Main Navigation

‘Weaving Communities and Making Connections’

This post originally appeared here.

Memories and teachings carry us through every space we enter. All experiences are unique strands that guide our journey, ultimately bringing us together. This year’s Pow Wow theme is “Weaving Communities and Making Connections.” In partnership with the Urban Indian Center of Salt Lake and Salt Lake Community College, our vision for this event is inspired by the ties and interconnection we share across the valley. With this year’s Pow Wow taking place at the Jon M. Huntsman Center Arena, we invite each of you to rejoice and celebrate the connections that embrace us all.

The University of Utah Pow Wow is an opportunity for tribal members throughout the Intermountain West to meet and honor the cultural and religious practices of their communities. Pow Wow is planned in partnership with Equity, Diversity, and Inclusion; the American Indian Resource Center; the University of Utah’s Inter-Tribal Student Association; the Urban Indian Center of Salt Lake; and Salt Lake Community College.

Event information will be published as details are solidified. For questions, please contact

Etiquette Rules

Although the Pow Wow is free and open to the public, the organizers encourage attendees to be mindful, respectful, and adhere to proper pow wow etiquette.

  1. Always stand respectfully during special songs. These include the Grand Entry, flag songs, veteran’s songs or any other song the MC designates. During these songs, folks should remove their hats.
  2. The correct term for a dancer’s outfit is regalia – not costume. Never touch a dancer’s regalia. Many of the objects have religious meaning and are cherished family heirlooms.
  3. Ask permission before taking photos of dancers in regalia. If the photo is for publication or commercial use, this should be explained before the photo is taken.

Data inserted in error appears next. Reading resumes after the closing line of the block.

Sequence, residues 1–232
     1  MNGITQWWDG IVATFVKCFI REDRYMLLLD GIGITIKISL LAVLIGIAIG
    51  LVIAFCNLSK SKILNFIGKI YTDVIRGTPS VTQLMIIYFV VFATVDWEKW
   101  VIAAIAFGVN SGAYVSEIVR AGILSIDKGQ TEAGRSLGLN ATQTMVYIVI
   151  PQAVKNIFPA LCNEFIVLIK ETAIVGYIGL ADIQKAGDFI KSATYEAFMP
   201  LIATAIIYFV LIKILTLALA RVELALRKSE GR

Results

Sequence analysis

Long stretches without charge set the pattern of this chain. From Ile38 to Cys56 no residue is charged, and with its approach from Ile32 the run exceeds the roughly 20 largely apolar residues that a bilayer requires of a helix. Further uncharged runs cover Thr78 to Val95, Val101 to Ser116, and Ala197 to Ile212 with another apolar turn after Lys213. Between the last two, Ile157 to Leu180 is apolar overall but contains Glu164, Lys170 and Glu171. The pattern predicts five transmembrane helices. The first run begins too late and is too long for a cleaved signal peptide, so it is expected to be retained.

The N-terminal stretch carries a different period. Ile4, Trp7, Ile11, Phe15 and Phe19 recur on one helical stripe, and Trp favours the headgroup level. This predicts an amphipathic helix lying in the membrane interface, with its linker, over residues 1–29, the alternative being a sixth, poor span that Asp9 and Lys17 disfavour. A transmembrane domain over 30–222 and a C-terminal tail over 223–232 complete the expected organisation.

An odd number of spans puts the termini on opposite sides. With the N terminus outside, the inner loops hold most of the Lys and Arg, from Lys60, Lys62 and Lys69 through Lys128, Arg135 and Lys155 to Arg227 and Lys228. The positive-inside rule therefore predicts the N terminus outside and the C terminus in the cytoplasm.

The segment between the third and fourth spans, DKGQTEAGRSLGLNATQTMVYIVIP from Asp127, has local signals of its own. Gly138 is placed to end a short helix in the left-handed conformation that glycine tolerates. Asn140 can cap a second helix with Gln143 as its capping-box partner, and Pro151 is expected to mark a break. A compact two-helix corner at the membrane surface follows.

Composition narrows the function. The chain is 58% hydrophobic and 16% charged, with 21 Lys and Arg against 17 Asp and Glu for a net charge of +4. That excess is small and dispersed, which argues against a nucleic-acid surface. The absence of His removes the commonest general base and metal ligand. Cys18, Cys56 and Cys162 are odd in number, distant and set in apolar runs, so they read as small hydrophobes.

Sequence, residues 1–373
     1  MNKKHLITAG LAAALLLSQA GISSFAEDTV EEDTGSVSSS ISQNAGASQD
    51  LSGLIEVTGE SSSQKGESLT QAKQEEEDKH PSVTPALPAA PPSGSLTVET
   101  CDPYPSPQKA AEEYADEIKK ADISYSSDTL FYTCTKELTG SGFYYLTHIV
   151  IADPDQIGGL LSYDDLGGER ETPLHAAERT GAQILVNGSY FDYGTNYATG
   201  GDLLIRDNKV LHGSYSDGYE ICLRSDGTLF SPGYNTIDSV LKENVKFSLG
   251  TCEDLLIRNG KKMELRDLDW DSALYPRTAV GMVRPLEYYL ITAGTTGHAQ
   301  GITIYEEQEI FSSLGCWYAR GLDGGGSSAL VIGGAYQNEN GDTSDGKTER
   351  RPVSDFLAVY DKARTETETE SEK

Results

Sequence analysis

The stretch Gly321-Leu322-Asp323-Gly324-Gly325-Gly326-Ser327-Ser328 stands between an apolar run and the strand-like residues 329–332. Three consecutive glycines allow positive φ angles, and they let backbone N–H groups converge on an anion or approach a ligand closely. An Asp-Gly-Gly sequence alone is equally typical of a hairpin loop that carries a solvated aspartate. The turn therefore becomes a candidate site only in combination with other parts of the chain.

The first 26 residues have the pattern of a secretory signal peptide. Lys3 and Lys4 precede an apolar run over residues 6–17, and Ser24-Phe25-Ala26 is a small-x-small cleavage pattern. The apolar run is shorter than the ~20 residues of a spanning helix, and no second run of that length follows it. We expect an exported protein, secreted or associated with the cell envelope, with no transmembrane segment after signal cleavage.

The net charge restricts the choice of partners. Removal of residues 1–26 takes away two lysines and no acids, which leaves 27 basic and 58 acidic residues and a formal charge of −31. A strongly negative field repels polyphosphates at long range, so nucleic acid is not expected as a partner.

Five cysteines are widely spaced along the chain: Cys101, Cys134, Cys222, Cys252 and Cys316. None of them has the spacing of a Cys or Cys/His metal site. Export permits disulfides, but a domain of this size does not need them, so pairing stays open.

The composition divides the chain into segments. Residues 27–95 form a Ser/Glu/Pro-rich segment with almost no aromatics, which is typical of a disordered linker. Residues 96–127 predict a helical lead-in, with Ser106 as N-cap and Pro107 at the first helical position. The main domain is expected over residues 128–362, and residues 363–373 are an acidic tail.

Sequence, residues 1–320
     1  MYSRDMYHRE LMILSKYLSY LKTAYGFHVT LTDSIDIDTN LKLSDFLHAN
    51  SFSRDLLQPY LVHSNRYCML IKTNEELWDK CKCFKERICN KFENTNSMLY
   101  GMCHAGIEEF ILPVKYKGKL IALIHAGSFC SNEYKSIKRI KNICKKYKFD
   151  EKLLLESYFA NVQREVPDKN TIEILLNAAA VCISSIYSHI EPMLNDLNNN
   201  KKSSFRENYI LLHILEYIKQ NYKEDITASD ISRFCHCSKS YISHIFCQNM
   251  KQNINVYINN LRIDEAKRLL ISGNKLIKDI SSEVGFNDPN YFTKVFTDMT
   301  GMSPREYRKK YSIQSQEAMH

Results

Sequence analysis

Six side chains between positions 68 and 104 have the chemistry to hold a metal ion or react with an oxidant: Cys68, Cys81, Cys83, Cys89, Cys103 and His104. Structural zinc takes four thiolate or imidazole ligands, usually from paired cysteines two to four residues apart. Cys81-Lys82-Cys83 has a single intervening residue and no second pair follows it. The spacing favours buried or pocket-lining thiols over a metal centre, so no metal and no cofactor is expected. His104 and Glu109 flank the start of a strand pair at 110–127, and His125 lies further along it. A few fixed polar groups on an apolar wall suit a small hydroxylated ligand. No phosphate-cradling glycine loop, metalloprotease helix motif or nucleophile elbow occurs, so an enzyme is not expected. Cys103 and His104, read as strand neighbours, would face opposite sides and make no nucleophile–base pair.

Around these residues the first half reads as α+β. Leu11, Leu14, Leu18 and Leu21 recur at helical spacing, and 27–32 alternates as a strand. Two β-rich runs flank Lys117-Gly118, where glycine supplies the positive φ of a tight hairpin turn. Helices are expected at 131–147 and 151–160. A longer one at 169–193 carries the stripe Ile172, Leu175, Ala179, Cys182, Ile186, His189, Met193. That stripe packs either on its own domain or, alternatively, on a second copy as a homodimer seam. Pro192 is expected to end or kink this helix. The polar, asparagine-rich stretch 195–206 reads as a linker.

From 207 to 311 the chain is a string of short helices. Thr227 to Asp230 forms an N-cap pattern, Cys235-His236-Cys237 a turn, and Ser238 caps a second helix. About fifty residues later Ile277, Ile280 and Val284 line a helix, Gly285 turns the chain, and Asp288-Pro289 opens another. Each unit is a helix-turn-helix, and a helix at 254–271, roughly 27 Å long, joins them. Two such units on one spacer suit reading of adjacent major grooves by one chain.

4. If you see a lost or dropped feather, do NOT pick it up. Notify the nearest staff member (identified by Pow Wow t-shirt) or Arena Director immediately.
  5. Pointing with the fingers is considered poor manners by some tribes. If you must point, use your head and nod in the direction you wish to indicate.
  6. Feel free to join in the inter-tribal dances by invitation of the MC.
  7. Do not ever cross the arena floor! Do not go into drum circles. If a drum group is singing or about to sing, do not approach the drum. Stay on the perimeter of the arena floor.

If you have any questions about any of the above etiquette or would like to know more, please ask an ITSA member. Also, most dancers, singers, elders, and staff are happy to help.

Weaving Communities and Making Connections
April 13, 2024
Jon M. Huntsman Center

Head Staff

  • Master of Ceremonies: Bart Powaukee
  • Arena Director: Eric Watchman
  • Host Drum: Indian Hill
  • Head Lady Dancer: Nizhoni Guthrie
  • Head Man Dancer: Orrion Snyder

Grand Entries

The ceremonial Grand Entry is a cultural and spiritual tradition where a parade of participants enters the dance circle hosted by northern and southern drummers.

April 13, 2024
Jon M. Huntsman Center
12 p.m. and 6 p.m.


  • Head Man Special: TBA
  • Head Woman Special: TBA
  • U of U Inter-Tribal Student Association (ITSA): Sweethearts Special Two-step
  • SLCC American Indian Student Leadership (AISL): Men’s Chicken Dance Special

About the artist

Jessica Wiarda


Jessica Wiarda is a Hopi/Tewa artist based in Salt Lake City, Utah. Wiarda’s artwork mixes traditional Hopi imagery with bold colors and contemporary fashion trends. She is a matrilineal descendant of the Hopi of the First Mesa Deer/Flute clan.

Wiarda has shown work at the Utah Museum of Contemporary Art, Project Open Downtown Apartments, Sugarhouse “Art for Hope,” and University of Utah campus at Altitude Lab and Known Medicine.

"Valued cultural traditions are passed down through generations such as hair braiding, weaving textiles into blankets and clothing, intertwining healing herbs, and growing symbiotic gardens whose plants thrive alongside each other instead of competing. 'Weaving Communities & Making Connections' reminds us that no matter where in the world Indigenous Peoples have traveled, they will forever be linked and continue to reclaim their rich cultural histories and heritage."